Amsterdam Art Galleries

Amsterdam Art Galleries


with any modern city Amsterdam

has art galleries and plenty of them! Maybe it’s because of the Dutch fondness

for the painted medium or their many prolific artistic sons, but it can be said

that Amsterdam

has art for all.

Situated in the Museum Quarter at

Stradhouderskade 42 the

Rijksmuseum is newly re-opened in April

2013 following a 10 year, €200m refurbishment this is now the jewel in

Amsterdam’s crown. With Art from the 15th

century through to 1900 with over 40 Rembrants including the famous

Nightwatch and four Vermeers including

Woman Reading a Letter – the museum also

holds a range of artefacts and decorative arts including jewellery, weaponry

and lacquerwork. Spanish architects Cruz y Ortiz have given Cuypers original

1885 masterpiece of a building a modern facelift which has had mixed reviews in

terms of the architecture but the exhibitions are always well received. The museum is open between 0900-1700h, 365

days a year and gets very busy between 1100-1500h on Fridays, Saturdays and

Sundays. We’d advise you to buy tickets in advance either online, or buy a

Museumkaart from another museum or from



Leidseplein. If you plan on

visiting a few places the card can pay for itself. Set aside a couple of hours if you want a

whistle stop tour or up to a whole day for serious art junkies!

Just behind the Rijksmuseum is the

Van Gogh Museum

Paulus Potterstraat 7 . A Museum dedicated to arguably one of Amsterdam’s most

(in)famous and prolific artists with 200 paintings and 500 drawings forming

part of the permanent exhibition. There are also examples of the artist’s

Japanese prints and changing temporary exhibitions that are supplied from

either the museum’s own collection or from private collections showcasing work

from Van Gogh’s contemporaries and influences. The museum is opened 0900-1700h

in winter months and 0900h-1800h over the summer months and has late night

opening on a Friday. Queues can be an issue so either arrive early or purchase

a time specific ticket online and beat the queues!

If modern art is more your thing then head

over to the

Stedelijk Museum of Modern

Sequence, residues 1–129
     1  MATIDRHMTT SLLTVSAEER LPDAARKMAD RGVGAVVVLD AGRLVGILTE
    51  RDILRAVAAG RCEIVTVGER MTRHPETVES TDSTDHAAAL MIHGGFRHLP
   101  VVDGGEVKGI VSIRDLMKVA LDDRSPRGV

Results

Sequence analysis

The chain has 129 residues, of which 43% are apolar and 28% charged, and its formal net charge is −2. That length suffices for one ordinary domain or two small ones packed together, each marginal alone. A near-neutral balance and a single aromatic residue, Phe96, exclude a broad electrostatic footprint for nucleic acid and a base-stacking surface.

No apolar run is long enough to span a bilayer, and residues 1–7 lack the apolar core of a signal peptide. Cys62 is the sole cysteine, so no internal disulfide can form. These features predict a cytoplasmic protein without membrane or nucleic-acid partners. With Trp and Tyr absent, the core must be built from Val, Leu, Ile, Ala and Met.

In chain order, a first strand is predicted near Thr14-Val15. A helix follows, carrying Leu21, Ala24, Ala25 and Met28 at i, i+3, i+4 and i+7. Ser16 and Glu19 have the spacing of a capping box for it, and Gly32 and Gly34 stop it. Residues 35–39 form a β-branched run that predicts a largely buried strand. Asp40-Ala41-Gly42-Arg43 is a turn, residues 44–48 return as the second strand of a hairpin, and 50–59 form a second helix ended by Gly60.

Art at

Museumplein 10, again in the Museum Quarter minutes from both the

Rijksmuseum and The Van Gogh Museum. Covering a range of styles and movements

the museum has a wide collection of modern paintings, sculpture, drawings and

photographs ranging from pre-war artists such as Picasso, Cézanne and Kandinsky with post-war offerings from

Lichtenstein, Warhol and De Kooning. The original 1895 Neo-Renaissance building

was designed by architect Adriaan Willem Weissman and the ultra contemporary

extension completed in September 2012 by Benthem Crouwel Architects – the

juxtaposition of the two buildings is in itself a work of art! Some have said

that the entrance fee is a little steep for the exhibitions inside but if you

are a modern art aficionado or just someone who likes to see modern art in the

‘flesh’ then it’s well worth a visit. The Stedelijk is open daily from

1000-1800h and 1000-2200h on a Thursday.

A little further out though just a 25

minute tram ride from

Museumplein in Amstelveen is the

CoBrA Museum of Modern Art

Sandbergplein 1-3. CoBrA stands for


, Brussels

and Amsterdam a

group of artists that aimed to radically reinvent the language of paint in 1948.

Formed by Karel Appel, Constant, Corneille, Christian Dotremont, Asger Jorn,

and Joseph Noiret on th 8th of November 1948 in the Café Notre-Dame,

Paris; The doctrine was for complete expressiveness through spontaneity and

experiment, drawing inspiration from children’s drawings, primitive artwork and

the artists Paul Klee and Juan Miró. The thought was that anyone could produce

art, regardless of talent; an antithesis to Surrealism, the art produced by the

movement has typically bright colours, abstract figures and violent brush

strokes and is seen as a very influential to art in the 20th century

even though it only lasted a few years. Open 1100h-1700h Tuesday to Sunday –

closed some public holidays. With fewer crowds and a cheaper entrance fee this

may be a place to escape the crowds for a short while and is included in the


If you find yourself in Central

Amsterdam and crave a little free art then why not pop into the

Schuttersgalerij (Civic Guard Gallery)

– sandwiched between two buildings in a glass covered alleyway there are 15

large works of art dedicated to portraits of the Civic Guard. Located next to

the Amsterdam Museum at

Kalverstraat 92, entry is free and it is open daily from


These are the main galleries in Amsterdam, but there are

many more, smaller commercial galleries in the city dotted in and around the

districts so don’t be afraid to explore if you want to see something a little

less obvious!

For something completely different why not

take a look at the

Electric Ladyland –

the First Museum of Fluorescent Modern Art – located at

Tweede Leliedwarsstraat 5, Jordaan. As I said there is art for

everyone in Amsterdam

and this may appeal to those with a yearning for something a little bit

different! Upon entering you are asked to remove your shoes and given

fluorescent slippers! Emphasis is put on being part of the exhibition

temporarily instead of just being spectators, the guide Nick is very

knowledgeable about all things fluorescent and there’s an informative section

on the origin of fluorescence in nature. The museum is small so can’t

accommodate large groups and once a tour is in progress you may be asked to

wait before you can be buzzed inside but for a meagre entry fee it’s well worth

a visit and children find it lots of fun too.

If you want to position yourself close to

the Museum Quarter we do have several apartments available in the immediate

area or just a stone’s throw away as well and also there are many apartments to

choose from in the Central and Jordaan districts as well.